Two National Records Go Down on Day 4 at Japanese Trials

Women’s 100 Backstroke

The Olympics are going to be awesome this year. There are so many swimmers who are so good in so many events…and this 100 back is no exception. On day 4 of the 2012 Japanese Long Course National Championships, Aya Terakawa became the 8th-best swimmer in history with a 59.10 – a new Japanese National Record by .03 seconds and the best time in the world in 2012 – though the Chinese world-leaders from last year have yet to race the event.

But while she was hugely successful, as we’ve seen throughout this meet, the number-two swimmer struggled as Shiho Sakai, only 21 and the 2nd-fastest Japanese backstroker in history, swam a 1:00.50 to miss the 1:00.48 qualifying time set by Japanese Swimming. She was faster in the semifinals though (1:00.45) – so there’s some opening for considerations on that ground, but I’d guess it’s unlikely unless she’s otherwise qualified for the meet.

Noriko Inada, a 33-year old based out of the Phoneix Swim Club’s Masters program, was 3rd in 1:00.57. This was one of the more veteran-dominated events of this meet that has been largely a youth showcase – only one of the top 5 swimmers in this event was born in the 90’s.

Women’s 200 Fly

A new contender emerged in this meet in the 200 fly, with Natsumi Hoshi making a second National Record on the day with her 2:04.69 absolute domination of this race. By the time she came off of the first turn, she had already built a full body-length lead, and with a sub-32 second closing 50 of 31.99 (nobody else in the field was under 33 on the closing length). That’s an outstanding, perfectly-paced swim that broke the National Record by well over a second, and is easily the best time in the world in 2012 (though again, the Chinese pair has yet to swim).

The runners-up Masami Uchikoshi and Yuka Kato were 2nd and 3rd in 2:09.24 and 2:09.57, respectively, neither of which is close to the Olympic qualifying mark.

Women’s 200 IM

In the only other final of the day, we didn’t see a third National Record go down, but Izumi Kato’s 2:11.79 does stand among the top-10 times in the world in 2012 and a personal best. She is an outstanding backstroker (though her butterfly hurts her a lot at the beginning of this event).

The second-and-third place swimmers were both under the FINA A time, but neither was under Japan’s required standard, and 17-year old Miho Teramura misses out on the Olympics with a 2:12.95, as does 15-year old Emu Higuchi with a 2:13.81.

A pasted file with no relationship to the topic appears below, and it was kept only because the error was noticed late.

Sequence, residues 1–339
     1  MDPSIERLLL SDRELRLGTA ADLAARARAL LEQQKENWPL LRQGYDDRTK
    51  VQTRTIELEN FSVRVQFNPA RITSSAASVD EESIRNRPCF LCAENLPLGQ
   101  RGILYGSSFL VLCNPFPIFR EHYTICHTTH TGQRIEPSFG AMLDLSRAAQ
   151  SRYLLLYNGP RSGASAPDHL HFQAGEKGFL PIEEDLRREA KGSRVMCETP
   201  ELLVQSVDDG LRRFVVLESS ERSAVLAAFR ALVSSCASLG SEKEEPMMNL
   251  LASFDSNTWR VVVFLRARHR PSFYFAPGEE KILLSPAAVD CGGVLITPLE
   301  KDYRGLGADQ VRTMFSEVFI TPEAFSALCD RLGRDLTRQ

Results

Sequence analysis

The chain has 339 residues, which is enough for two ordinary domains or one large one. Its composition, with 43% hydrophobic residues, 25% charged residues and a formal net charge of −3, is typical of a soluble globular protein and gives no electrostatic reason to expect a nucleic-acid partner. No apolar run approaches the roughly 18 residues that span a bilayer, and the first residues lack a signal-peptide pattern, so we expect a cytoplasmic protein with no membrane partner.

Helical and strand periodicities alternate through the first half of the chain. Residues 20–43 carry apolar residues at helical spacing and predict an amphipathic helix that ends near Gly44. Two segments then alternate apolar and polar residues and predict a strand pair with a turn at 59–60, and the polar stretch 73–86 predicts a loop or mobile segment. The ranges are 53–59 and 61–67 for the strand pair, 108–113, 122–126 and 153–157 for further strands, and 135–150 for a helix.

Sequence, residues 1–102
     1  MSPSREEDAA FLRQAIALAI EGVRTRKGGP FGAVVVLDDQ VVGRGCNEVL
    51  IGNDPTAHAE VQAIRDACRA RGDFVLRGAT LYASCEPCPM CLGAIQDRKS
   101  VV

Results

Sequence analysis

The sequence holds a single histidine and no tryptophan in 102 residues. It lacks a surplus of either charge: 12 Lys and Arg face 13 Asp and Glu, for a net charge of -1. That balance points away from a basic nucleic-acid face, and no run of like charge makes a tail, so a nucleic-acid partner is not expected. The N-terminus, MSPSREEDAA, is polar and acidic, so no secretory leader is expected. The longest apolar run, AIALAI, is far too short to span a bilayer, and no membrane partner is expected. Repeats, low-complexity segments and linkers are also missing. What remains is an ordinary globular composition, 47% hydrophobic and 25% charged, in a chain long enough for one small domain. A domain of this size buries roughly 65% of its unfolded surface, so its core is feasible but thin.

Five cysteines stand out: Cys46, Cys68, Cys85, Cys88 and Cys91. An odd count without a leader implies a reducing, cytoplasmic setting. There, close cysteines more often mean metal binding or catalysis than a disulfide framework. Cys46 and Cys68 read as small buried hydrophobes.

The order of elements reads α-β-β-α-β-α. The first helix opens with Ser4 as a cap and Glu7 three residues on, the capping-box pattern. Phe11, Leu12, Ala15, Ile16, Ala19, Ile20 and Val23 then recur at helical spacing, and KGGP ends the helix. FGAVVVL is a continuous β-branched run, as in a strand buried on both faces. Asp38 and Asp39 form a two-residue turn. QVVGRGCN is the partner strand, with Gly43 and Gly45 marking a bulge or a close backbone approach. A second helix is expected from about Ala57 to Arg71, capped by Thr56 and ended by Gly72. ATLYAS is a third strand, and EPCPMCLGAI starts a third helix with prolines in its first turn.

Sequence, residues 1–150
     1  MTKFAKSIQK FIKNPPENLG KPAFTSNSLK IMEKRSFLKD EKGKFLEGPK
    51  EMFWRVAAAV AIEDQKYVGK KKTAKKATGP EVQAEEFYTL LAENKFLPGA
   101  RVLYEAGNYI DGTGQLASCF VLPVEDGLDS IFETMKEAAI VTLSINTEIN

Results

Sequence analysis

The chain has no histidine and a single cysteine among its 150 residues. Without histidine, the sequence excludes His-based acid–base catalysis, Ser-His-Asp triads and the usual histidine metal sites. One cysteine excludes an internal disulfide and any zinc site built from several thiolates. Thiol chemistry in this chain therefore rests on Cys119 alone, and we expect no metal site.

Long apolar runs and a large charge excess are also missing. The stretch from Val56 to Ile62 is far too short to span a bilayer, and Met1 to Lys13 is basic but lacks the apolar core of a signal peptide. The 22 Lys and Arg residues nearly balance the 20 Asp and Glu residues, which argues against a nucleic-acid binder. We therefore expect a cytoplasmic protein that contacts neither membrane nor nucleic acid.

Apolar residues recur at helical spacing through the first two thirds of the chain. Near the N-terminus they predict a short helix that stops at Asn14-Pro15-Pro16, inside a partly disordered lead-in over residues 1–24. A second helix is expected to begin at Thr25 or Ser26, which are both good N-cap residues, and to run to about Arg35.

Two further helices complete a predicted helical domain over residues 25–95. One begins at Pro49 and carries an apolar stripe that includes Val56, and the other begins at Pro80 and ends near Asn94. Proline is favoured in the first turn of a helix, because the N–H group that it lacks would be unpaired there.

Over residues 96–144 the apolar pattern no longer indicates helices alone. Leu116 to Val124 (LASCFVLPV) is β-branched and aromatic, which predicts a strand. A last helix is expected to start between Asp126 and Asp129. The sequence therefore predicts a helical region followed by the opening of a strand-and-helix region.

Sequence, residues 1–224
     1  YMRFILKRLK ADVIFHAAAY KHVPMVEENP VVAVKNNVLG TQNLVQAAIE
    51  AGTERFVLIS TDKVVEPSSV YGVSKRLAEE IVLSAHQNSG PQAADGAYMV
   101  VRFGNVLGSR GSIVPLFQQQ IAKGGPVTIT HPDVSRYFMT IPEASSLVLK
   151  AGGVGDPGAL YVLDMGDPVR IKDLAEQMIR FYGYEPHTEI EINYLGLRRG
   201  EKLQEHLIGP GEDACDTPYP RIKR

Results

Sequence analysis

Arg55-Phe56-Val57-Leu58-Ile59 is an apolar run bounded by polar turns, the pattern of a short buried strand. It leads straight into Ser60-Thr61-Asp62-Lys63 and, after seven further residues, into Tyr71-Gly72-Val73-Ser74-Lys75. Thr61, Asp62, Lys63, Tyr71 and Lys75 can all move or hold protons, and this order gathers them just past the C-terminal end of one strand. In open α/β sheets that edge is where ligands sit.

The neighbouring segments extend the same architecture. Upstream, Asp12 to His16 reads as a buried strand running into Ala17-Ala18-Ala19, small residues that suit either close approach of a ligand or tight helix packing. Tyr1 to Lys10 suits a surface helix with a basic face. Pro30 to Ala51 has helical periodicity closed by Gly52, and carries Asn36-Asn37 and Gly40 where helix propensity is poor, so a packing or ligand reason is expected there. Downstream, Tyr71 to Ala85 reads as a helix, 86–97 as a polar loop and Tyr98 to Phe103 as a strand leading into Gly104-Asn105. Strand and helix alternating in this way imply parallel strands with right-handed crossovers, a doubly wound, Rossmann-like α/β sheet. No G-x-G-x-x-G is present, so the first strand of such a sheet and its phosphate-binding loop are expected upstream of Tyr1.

Semifinals

The biggest semi of the day was the men’s 200 breaststroke, where Ryo Tateishi took the top seed in 2:09.02, with 100 champion Kosuke Kitajima in 2nd in 2:09.25. Here’s the thing though – Kitajima had a massive lead, and went into cruise control for the last 50 meters. The same thing happened at this meet last year, though then it was due to an injury. This year, there’s no word of that yet…so don’t be shocked at a 2:07 out of him on Friday in the final.

And meanwhile, another great Japanese breaststroker (as if they needed one) is emerging in 17-year old Akihiro Yamaguchi, who broke the National Junior Record in 2:10.41. Naoya Tomita barely snuck into the final, with a 2:11.92.

In the 200 fly, Takeshi Matsuda showed he still has more after going a best time in the 200 free earlier in the meet. He swam a 1;54.19 for the top seed, followed closely by Hidemasa Sano in 1:55.90.

Yayoi Matumoto (54.37) and Haruka Ueda (54.55) both will be chasing the National Record of 54.33 in finals tonight in the women’s 100 free. And in the men’s race (no Matsuda, as it conflicts with the 200 fly), Takuro Fujii was the top seed in 49.12, followed by the young, and rising, talent Shinri Shioura in 49.72. To see anyone close to a 48.6 in finals would be elative for the Japanese.

Full Day 4 Results available here.

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About Braden Keith

Braden Keith

Braden Keith is the Editor-in-Chief and a co-founder of SwimSwam.com. He first got his feet wet by building The Swimmers' Circle beginning in January 2010, and now comes to SwimSwam to use that experience and help build a new leader in the sport of swimming. Aside from his life on the InterWet, …

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